Interrogations and Individual Rights
You just landed a role as a law clerk at Dallas’s largest defense law firm before your third and final year of law school. You have been assigned to work with Mark Taylor, the state’s best defense lawyer. You are working with Taylor on a new case detailed below.
Suzy Smith, a seventeen-year-old Texas high school cheerleader, has been missing for several months. Through an exhaustive search, police found her purse in the muddy river, but no body. Eighteen-year-old Johnny Garcia is a local football player and a classmate of Smith’s. Mad that Smith rejected his request for a date and having watched his black and more popular classmate, sixteen-year-old Troy Stone, score the winning touchdown in Friday’s game, Garcia goes to the police station saying he thinks he can identify the guy they are looking for in the Suzy Smith missing person case. He describes the suspect stating that “he looks just like Stone.” He says that he saw him by the river and it looked like he was carrying a bag similar to the one found with Smith’s belongings. Nobody else was with him when he saw this and he says he was too scared to come forward before now.
Detectives Ford and Miller round up a number of young men looking similar to the description provided. When placed in a lineup, Garcia immediately identifies Stone as the guy he saw that night. Based on this positive identification, the detectives bring in Stone to the interrogation room to “just ask him a few questions.” He tells them that he has nothing to do with Smith’s disappearance. In fact, he and Smith were friends and this has to be a big mistake. The detectives then tell him that a search of his vehicle’s trunk revealed some of the same mud on his boots that was found on Smith’s purse. Stone states those are his fishing boots, and he keeps them in his car, along with his rod, so he can go when he has time after school.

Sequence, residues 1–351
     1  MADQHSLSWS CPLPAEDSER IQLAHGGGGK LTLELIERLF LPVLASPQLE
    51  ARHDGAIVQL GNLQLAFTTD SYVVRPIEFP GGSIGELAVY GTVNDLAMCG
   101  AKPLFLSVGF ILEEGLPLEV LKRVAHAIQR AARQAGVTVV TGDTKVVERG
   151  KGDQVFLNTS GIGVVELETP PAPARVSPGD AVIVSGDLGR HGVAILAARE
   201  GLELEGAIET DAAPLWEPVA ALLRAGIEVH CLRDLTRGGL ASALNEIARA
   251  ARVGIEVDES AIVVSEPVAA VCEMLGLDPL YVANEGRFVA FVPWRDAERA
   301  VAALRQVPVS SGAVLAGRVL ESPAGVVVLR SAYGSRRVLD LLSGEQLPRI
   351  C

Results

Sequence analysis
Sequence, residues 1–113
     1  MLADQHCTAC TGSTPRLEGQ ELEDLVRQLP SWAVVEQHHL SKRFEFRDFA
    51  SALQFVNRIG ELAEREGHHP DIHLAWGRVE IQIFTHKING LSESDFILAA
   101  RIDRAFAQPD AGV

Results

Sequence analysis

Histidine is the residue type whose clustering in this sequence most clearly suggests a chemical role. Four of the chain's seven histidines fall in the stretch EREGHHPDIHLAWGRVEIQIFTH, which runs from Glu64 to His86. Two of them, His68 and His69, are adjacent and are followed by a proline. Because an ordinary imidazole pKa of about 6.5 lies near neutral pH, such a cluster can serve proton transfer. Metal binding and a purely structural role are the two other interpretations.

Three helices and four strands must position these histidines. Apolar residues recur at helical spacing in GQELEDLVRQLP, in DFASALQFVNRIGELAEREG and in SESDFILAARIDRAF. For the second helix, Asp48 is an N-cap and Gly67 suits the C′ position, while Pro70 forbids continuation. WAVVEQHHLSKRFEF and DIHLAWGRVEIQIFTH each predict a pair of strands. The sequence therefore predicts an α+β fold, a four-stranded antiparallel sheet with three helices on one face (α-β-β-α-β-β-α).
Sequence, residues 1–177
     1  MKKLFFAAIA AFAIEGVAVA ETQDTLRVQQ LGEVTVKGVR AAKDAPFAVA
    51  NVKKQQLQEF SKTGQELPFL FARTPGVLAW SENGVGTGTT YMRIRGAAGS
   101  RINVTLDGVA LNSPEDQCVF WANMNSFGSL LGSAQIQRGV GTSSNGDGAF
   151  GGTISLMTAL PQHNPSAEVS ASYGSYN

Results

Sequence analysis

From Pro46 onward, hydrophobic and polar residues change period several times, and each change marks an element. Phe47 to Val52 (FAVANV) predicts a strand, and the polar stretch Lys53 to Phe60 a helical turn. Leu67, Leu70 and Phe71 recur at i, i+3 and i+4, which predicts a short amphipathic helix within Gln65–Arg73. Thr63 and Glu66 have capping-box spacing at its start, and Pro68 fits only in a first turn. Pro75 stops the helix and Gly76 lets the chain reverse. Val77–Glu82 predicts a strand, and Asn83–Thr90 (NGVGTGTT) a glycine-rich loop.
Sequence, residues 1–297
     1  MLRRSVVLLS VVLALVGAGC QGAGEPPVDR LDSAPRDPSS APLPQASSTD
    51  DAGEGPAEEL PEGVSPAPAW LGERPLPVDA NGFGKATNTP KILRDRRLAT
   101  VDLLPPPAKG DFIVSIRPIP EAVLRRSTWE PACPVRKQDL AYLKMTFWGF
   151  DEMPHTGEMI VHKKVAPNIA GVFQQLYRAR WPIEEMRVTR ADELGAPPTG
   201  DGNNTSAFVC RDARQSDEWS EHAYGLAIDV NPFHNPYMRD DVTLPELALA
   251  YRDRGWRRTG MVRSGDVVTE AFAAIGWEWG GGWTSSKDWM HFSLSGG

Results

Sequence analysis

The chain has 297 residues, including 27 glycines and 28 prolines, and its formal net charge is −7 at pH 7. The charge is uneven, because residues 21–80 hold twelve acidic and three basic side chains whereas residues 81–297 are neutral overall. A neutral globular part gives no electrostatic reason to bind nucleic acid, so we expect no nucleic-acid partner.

As the questions continue, Stone asks if he needs to call his father or maybe even a lawyer. The police tell him that will not be necessary; they’re just talking. From there, the questioning continues for thirty-six more hours without any food, water, or rest. The detectives ask the same questions and Stone gives the same answers. Finally, after breaking down in tears and fatigued beyond words, Stone asks whether they will let him see his parents and get some rest if he confesses to what they say he did. They answer yes, so Stone writes a confession.
In the interim, Stone’s father comes to the police station to report him missing. The officer at the desk tells him that Stone is talking with detectives in the back about a case and he will be out when they are done. At no point was he allowed to see his son or given more information on the nature of his son’s “meeting” with the detectives.
The following day, after getting some rest and food, and then talking with his father, Stone recants his confession. Stone’s father has come to your office to help his son.
Based on your learning through the course, analyze the scenario and complete the following tasks in a 5- to 6-page Microsoft Word document.
- Discuss the arguments you think Taylor will raise on Stone’s behalf regarding the lineup, interrogation, and confession.
- Identify if the situation has violated Stone’s Fifth Amendment rights. Justify your opinion. Also, have Stone’s Sixth or Fourteenth Amendment rights been violated?
- Taylor has asked you to prepare an extensive memo (with citations) detailing the arguments you would raise, including case law that supports your positions and case law that the prosecution will likely use to support theirs. Be thorough. Your future with the firm depends on it.
Support your responses with appropriate research, reasoning, and examples.
Cite any sources in APA format.
NO PLAGARISM PLEASE….. I WILL RUN IT THROUGH A SOFTWARE TO MAKE SURE OF IT.
ALSO MAKE IT PROFESSIONAL, BY USING STRONG VOCABULARY. THANK YOU.